Once again, a text translation may come after, but for now, the video below will give a visual guide to a simple machine knitting cast off.

Looser Machine Knitting Cast Off around gate pegs

This method of casting off produces a nicer finish more reliably keeps a uniform tension. It achieves this by keeping the but the stitches you are casting off on the knitted article on or near its needles on the gate pegs that protrude from the front of the bed. The result is the article cannot bunch up or fall down, pulling the yarn unevenly.

12 Comments

  1. eva says:

    the videos are too blurry and far away to actually see what you are doing : ( i guess i need one on one, in person training. but just letting you know in case you want to try and make this better :) thanks…

    do you know of any instructionals on the casting off that are a series of images (either photos, or illustrations) ?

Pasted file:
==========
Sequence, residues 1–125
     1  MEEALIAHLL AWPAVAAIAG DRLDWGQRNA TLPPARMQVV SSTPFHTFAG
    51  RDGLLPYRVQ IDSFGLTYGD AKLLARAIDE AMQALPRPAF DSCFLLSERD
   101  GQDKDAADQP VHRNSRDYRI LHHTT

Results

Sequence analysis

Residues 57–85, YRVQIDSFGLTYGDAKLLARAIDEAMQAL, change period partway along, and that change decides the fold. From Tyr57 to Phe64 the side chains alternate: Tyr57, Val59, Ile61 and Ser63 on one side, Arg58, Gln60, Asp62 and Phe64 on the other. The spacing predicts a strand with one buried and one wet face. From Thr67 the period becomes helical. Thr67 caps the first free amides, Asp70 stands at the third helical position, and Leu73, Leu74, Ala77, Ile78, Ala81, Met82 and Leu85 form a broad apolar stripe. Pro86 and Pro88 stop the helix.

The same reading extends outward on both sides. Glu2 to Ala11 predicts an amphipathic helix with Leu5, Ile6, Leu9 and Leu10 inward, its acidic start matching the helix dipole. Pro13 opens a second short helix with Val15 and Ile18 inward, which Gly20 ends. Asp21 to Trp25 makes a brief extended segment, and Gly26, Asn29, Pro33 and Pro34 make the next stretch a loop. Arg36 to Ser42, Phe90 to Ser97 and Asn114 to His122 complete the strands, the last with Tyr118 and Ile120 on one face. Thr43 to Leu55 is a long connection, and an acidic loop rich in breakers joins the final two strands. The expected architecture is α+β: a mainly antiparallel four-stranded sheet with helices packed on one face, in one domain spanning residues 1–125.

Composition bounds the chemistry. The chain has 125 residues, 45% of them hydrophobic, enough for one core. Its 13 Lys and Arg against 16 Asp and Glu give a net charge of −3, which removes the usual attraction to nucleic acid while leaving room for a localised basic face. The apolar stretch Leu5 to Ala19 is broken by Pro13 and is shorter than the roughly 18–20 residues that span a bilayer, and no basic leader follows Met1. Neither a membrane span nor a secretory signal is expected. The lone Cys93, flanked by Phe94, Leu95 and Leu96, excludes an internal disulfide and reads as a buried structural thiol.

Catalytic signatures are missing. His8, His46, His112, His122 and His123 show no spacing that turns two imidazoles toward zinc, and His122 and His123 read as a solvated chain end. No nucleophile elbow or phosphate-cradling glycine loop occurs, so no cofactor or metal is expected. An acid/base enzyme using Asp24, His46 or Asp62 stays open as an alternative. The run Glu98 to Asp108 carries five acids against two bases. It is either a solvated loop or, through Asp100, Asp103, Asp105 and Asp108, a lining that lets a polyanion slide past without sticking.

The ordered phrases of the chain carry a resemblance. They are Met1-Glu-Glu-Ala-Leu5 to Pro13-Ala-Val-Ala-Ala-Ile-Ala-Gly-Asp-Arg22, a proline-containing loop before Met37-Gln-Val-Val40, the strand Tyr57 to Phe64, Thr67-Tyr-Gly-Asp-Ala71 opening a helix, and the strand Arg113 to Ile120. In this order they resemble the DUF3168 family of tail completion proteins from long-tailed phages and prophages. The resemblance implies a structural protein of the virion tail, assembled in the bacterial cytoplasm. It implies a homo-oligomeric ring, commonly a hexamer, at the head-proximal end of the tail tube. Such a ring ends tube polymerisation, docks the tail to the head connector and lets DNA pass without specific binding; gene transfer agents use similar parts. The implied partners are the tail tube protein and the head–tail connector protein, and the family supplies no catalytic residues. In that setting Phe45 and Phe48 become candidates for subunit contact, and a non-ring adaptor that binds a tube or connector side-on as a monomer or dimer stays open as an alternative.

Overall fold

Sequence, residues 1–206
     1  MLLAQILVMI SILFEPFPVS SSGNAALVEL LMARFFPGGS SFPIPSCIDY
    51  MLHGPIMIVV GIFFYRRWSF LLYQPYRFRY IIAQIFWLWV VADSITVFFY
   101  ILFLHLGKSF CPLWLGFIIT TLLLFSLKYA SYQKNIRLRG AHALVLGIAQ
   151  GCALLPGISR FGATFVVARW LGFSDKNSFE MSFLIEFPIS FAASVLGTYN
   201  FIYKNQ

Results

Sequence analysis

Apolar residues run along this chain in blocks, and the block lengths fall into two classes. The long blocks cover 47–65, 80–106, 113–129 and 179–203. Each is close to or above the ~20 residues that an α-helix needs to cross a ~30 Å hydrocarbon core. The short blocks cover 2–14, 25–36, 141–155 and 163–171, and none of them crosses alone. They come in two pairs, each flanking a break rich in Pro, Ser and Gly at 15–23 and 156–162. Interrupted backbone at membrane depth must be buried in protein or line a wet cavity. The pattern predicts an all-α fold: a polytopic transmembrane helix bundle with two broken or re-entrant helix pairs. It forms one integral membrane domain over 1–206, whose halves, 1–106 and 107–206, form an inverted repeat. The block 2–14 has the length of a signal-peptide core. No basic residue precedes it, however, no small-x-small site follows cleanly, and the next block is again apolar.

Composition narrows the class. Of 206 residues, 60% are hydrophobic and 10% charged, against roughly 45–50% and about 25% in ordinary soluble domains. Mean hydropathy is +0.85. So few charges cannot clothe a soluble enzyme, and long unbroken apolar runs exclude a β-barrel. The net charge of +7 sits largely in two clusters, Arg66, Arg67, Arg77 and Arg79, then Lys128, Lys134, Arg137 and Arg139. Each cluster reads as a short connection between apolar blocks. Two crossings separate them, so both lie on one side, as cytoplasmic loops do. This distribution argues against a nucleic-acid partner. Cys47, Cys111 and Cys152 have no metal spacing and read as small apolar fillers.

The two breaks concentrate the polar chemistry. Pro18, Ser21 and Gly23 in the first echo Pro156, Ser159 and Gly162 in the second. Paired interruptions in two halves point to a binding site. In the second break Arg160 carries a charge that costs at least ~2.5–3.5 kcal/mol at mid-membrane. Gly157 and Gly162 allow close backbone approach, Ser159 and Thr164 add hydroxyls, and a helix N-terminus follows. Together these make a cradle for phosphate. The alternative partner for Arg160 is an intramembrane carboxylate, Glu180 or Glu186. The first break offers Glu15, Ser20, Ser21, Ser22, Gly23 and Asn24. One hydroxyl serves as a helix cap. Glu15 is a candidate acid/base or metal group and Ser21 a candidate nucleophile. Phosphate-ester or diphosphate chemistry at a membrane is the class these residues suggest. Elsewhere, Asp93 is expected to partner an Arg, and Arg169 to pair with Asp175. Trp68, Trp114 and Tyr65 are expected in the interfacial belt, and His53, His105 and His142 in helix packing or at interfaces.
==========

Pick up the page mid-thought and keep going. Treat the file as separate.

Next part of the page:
in conjunction with the videos, this may be helpful.

    thanks again!!

  2. admin says:

    I will try to grab some higher resolution videos and a series of photos this week.

    Thanks for the input! :-)

  3. found the videos for casting on and off very useful. thanks. keep up the good work. sincerly BJ

  4. great website came in very useful keep up the good work. cheers Sheila

  5. admin says:

    Thanks for visiting!

  6. Someone Rocks says:

    Just got a second hand Brother KH-900 as a Xmas gift from my children. I had forgotten how to use a knitting machine, but found your cast on method helpful and informative. Would have liked to found some info about how to use and program the KH900. Maybe soon.

    Anyway, thanks again for you helpful page and keep up the good work!!!

  7. admin says:

    Hmm, I might have to look into a simple programming guide page, thanks for the tip!

  8. iammarni says: